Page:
How OWIS uses provocation to nurture critical thinking skillsPosted on 29th Nov 2018 in School News, Singapore, Primary Years Programme Tweet
Students who can learn in a hands-on environment hold on to their topic comprehension and take their analysis to new heights. One World International School (OWIS) in Singapore drives this understanding.
A quality education does not simply teach children classroom lessons, but moreover, it encourages their minds to grow as they explore new concepts and ideas. Children learn to look at ideas from fresh perspectives and place themselves in the shoes of others, mastering concepts through experiential learning in the stimulating environment created by our teachers.
At OWIS, children participate in Units of Inquiry that will engage them on multiple levels. These themes invite them to make connections with prior knowledge, develop personal connections and therefore be able to expand their knowledge and worldview. To accomplish these ambitious goals, teachers begin their Units of Inquiry with provocations.
The role of provocations in the PYP
Using the Kath Murdoch inquiry cycle framework, children at OWIS experience a provocation during the beginning of a new inquiry cycle. They are introduced to the central idea of their new Unit of Inquiry while being invited to immediately engage with the concepts.
In our Primary School, we have introduced the new idea of a ‘WOW’ experience. This age-appropriate provocation employs a high degree of creativity to create an immersive and hands-on experience for the children. The children receive the chance to think deeply and solve problems that connect closely with their new Unit of Inquiry.
Seeing the PYP provocations in action
Our EC1 children explored the idea of “through play, we express our feelings, ideas, and show understanding.” Our teachers wanted the children to ask themselves difficult questions, such as “what is play?” and so to stimulate and challenge this notion they removed the toys and games from the classroom.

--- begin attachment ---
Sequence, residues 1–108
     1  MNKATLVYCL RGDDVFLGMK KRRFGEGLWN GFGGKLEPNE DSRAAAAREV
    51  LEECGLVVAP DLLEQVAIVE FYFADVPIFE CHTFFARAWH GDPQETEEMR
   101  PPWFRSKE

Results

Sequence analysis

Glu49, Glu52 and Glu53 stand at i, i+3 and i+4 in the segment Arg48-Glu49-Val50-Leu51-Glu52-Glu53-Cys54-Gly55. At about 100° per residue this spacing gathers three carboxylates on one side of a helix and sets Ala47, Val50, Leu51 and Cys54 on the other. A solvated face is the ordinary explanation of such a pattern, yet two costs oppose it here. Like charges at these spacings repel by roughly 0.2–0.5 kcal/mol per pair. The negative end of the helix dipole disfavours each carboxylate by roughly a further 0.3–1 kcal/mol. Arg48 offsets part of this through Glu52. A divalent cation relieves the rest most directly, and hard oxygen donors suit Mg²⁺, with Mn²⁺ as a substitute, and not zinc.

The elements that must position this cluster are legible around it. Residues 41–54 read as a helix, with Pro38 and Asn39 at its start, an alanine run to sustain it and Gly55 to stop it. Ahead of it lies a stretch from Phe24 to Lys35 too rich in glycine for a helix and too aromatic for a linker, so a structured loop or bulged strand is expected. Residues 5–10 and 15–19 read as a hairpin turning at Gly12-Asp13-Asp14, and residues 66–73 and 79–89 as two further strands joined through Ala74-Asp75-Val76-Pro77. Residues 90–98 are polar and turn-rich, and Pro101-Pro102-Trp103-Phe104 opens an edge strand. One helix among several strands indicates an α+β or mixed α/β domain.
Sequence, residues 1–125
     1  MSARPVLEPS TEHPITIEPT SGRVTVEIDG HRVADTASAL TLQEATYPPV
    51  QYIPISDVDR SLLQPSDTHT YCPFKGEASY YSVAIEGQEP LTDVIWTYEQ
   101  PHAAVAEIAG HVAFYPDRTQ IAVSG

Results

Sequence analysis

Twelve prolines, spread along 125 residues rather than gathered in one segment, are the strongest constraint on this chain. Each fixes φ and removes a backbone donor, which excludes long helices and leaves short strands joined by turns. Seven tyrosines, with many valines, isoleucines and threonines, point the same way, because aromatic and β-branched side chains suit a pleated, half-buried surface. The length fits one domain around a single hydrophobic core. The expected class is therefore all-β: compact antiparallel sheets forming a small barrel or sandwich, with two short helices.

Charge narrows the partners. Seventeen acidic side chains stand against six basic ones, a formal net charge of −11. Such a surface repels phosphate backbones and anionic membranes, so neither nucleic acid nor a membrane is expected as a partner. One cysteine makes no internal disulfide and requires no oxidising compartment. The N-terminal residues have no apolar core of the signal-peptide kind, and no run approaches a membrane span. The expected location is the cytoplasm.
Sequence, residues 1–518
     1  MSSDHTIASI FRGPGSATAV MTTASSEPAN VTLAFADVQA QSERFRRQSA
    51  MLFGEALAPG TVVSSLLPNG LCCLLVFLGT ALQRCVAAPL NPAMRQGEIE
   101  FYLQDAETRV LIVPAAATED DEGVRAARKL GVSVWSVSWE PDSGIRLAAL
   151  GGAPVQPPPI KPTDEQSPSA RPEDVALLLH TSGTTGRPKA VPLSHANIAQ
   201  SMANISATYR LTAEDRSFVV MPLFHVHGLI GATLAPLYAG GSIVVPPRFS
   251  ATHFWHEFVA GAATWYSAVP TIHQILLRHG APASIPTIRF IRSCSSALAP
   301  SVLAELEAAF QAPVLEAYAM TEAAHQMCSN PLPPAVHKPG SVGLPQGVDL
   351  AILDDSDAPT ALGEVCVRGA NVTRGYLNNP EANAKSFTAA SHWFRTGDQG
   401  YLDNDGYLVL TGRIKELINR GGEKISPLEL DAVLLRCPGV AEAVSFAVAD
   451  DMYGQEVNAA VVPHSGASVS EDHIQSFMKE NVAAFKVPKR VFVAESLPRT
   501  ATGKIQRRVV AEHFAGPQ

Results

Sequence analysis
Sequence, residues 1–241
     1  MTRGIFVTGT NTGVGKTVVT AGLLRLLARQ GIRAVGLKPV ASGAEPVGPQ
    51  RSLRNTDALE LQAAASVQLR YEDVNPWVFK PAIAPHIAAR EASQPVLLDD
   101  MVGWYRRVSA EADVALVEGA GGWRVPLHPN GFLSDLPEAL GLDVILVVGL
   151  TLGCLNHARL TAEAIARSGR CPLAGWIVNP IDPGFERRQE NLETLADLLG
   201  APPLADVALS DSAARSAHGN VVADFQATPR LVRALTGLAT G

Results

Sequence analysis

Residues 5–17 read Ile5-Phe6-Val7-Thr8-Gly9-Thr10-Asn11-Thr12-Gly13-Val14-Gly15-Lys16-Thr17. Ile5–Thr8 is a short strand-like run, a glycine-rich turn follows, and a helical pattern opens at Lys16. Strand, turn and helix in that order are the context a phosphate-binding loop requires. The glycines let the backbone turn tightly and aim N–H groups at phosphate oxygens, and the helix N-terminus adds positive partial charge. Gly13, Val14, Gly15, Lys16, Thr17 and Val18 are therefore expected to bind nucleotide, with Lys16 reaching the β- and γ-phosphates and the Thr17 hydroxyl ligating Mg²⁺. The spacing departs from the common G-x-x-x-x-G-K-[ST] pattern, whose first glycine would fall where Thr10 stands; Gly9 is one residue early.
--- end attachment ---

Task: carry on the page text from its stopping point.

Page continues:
The confused children entered the classroom and began to enquire after their toys. Sparked by the teacher’s quizzical looks and responses, the children had to stop and think creatively. They invented a game with a cardboard box and found a better way to understand the nature of play. After they finished creating hideaways and toys, they found themselves ready to ‘tune-in’ to their Unit of Inquiry.
In Grade 4, teachers wanted to discuss the idea of migration as a response to risks and opportunities. During the provocation, children were abruptly evacuated to the school field, followed by the canteen, without any explanation aside from a vague idea of danger.
When the children were permitted back into their classroom, they could subsequently begin to discuss and have a greater empathy with the notion of fear, risks, and challenges for migrants in a new way.
A good school teaches children about their world. An excellent school creates an environment where children think, analyse and uncover their own answers and solutions, engaging with materials on a new level. Through our learning provocations, we at OWIS create this environment for our children. The immersive learning style helps students grow, develop and thrive.